On April 16, the 50th anniversary of the day that Martin Luther King Jr. first began writing his famed “Letter from a Birmingham Jail,” 26 students, staff and faculty took turns reading King’s letter to an engaged audience on the steps of the Gifford Amphitheatre.
The memorial was just one of hundreds in a “Worldwide Celebration,” which saw readings of King’s letter in countries across all seven continents. The Birmingham Public Library organized the international celebration and encouraged groups to perform demonstrations wherever King’s words would reach the largest audience — in museums, schools, public parks and coffee shops.
“We know that freedom is never voluntarily given by the oppressor, it must be demanded by the oppressed,” read student participant Molly Stuart ’15.5 from King’s letter, as audience members repeated the words back to her.
“From the start, we saw this as street theater – an event that would be large and loud enough to attract an audience,” wrote Dana Yeaton, visiting assistant professor of theater in an email. Yeaton directed the demonstration. “I wanted the spirit of a rally, which made me think of Occupy Wall Street, and their human megaphone technique.”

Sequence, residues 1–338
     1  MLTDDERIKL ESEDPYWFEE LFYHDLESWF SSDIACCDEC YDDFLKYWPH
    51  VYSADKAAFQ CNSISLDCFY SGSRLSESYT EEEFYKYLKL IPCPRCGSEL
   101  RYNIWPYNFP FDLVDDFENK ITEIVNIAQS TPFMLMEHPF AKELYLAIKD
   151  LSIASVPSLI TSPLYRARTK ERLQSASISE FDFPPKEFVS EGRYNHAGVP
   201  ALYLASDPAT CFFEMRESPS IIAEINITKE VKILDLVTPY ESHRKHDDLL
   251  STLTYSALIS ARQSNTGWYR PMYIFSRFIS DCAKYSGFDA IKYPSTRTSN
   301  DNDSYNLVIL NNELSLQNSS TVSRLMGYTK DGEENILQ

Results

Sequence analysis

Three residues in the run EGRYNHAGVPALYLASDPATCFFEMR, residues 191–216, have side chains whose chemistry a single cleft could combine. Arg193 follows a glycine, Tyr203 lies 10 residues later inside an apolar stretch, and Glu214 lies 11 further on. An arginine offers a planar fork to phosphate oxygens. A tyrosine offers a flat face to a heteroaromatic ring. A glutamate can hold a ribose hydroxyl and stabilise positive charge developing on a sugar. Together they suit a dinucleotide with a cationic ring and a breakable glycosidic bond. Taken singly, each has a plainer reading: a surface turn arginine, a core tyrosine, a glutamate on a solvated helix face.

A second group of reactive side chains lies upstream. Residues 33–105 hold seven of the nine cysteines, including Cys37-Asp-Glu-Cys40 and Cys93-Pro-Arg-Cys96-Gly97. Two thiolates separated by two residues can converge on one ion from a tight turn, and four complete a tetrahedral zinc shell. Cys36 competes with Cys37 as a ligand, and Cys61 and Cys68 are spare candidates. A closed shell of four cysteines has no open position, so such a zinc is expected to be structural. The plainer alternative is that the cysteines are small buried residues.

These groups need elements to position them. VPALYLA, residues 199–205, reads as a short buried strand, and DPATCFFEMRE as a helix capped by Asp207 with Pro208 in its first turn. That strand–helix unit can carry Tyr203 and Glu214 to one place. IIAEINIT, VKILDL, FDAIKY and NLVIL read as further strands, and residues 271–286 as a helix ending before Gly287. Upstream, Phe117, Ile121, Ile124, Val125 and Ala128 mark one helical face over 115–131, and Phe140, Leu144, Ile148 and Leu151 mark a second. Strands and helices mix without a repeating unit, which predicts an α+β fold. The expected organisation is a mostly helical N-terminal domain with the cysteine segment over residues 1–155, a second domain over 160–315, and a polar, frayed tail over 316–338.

To host the event, Yeaton worked with Kya Adetoro ’13, Visiting Assistant Professor of Religion Mary Kay Schueneman, Associate Professor of History William Hart and Special Assistant to the Dean of the College- Jennifer Herrera.
Students, staff and faculty were visibly moved by King’s words and the energy generated by the public demonstration.
“I am very happy I participated,” wrote Chris De La Cruz ’13 in an email. “I think what affected me the most was just the variety of voices that participated from students of all different years to faculty and staff as well.
“As small as it was, I honestly have never seen an event with so much participation from different areas on campus,” he added. “I guess it shows how much King’s words really do unite people.”
For Yeaton, the spirit of collaboration amongst participants was most inspiring.
“Seeing the passion for justice in each of those speakers, their admiration for King’s ideals and his courage, all that reminds me of our desperate need to come together. To hear each other. Especially today, with the events of Patriot’s Day so heavy in the air.”